"[Lot of 2] Carte des Parties Nord, et Est de l'Asie qui Comprend les Cotes de la Russie Asiatique... [and] Nouvelle Representation des Cotes Nord et Est de l'Asie...", Robert de Vaugondy/Diderot
Subject: Northern Asia & Western North America
Period: 1772 (dated)
Publication: Diderot's Encyclopedia (Supplement)
Color: Hand Color
14.7 x 11.8 inches
37.3 x 30 cm
The Encyclopedie was published under the direction of Diderot from 1751 onward with thousands of articles written by the most prominent philosophers and scientists of the time. These great minds collaborated in the goal of assembling and disseminating the fruits of accumulated knowledge and learning. This massive reference work for the arts and sciences, served to propagate Enlightened ideas. Read a full description of this work and Diderot at Wikipedia.com.
This intriguing pair of maps offers an informative overview of some of the early cartographic theories concerning the northern part of Asia and the western part of North America, as well as the Arctic search for a Northwest Passage.
A. Carte des Parties Nord, et Est de l'Asie qui Comprend les Cotes de la Russie Asiatique.... This unusual map details the northern coastline of Russia (including Scandinavia), the eastern coast of Asia to below Nanking, and a bit of the coast of America called Anian. Inset into the map are four small maps of the western part of North America: I - Features the entire western coast with Japan just a short distance offshore; II - Focuses on Nova Granada showing the Mexican coast of the Gulf of California; III - Focuses on the Zubgara and Tolm Regnum of Nova Granada and the mythical seven cities of Cibola; and IV - Depicts Anian Regnum including Quivira Regnum and another Tolm Regnum. All together a fascinating view of some of the early cartographic theories concerning the western part of North America. This is a re-engraved edition by Heidegger.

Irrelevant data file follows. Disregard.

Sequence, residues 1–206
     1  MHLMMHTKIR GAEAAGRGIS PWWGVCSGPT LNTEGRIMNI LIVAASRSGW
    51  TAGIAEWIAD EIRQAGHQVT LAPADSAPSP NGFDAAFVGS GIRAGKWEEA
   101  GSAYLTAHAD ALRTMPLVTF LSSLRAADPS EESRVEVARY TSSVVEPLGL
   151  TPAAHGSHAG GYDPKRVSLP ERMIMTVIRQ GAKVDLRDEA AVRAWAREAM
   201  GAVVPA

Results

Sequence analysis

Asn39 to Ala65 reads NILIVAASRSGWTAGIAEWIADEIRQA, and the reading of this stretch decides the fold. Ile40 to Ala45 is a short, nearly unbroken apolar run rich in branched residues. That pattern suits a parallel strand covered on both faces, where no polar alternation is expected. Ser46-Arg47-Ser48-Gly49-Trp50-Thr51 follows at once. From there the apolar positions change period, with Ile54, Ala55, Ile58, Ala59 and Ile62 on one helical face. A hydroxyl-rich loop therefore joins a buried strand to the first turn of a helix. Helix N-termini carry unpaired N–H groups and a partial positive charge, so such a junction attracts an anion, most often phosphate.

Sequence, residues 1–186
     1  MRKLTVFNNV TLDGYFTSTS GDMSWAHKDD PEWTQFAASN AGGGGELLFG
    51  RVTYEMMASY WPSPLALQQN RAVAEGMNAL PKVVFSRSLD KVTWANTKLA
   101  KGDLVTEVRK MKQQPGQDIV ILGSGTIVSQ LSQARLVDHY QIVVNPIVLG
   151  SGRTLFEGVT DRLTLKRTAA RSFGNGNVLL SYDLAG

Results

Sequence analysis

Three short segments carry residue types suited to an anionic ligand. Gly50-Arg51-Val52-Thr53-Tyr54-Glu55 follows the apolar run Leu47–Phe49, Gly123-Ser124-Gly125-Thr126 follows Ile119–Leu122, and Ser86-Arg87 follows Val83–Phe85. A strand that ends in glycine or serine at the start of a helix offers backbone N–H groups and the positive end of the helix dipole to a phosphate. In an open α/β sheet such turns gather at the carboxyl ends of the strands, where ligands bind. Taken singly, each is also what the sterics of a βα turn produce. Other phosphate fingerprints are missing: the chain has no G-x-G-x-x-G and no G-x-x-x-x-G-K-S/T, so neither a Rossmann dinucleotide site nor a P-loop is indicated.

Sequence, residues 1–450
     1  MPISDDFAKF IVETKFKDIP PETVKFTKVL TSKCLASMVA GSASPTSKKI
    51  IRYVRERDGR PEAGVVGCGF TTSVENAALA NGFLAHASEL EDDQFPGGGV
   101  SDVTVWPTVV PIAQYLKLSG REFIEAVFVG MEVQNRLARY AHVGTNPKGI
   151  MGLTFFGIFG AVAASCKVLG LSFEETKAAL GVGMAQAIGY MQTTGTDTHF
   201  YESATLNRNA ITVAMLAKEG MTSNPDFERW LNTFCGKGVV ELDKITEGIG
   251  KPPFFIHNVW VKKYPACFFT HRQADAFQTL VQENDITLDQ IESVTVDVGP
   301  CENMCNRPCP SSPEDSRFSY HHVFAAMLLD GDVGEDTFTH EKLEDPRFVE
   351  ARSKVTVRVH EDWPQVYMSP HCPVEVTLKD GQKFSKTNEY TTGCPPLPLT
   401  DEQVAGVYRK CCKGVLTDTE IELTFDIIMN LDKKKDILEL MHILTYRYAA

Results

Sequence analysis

B. Nouvelle Representation des Cotes Nord et Est de l'Asie.... Interesting map of the northeast coast of Asia depicting Kamchatka, Japan and Korea. It also shows part of what is present-day Alaska. The Tchutski (Chukotskiy) Peninsula stretches very close to the American landmass, hinting at a possible land bridge. Within the larger map are two insets (one within the other). The insets represent an evolving understanding of the geography of Kamachatka, with the map being the latest iteration. The first inset, No. 1, was completed by Abu al-Ghazi Bahadur, who was the ruler of Khiva in present-day Uzbekistan for 20 years.
References: Pedley #402 & #406; Wagner (NW) #637, pp. 158-162.
Issued folding, now pressed, with light offsetting. There are several minor damp stains confined to the blank margins.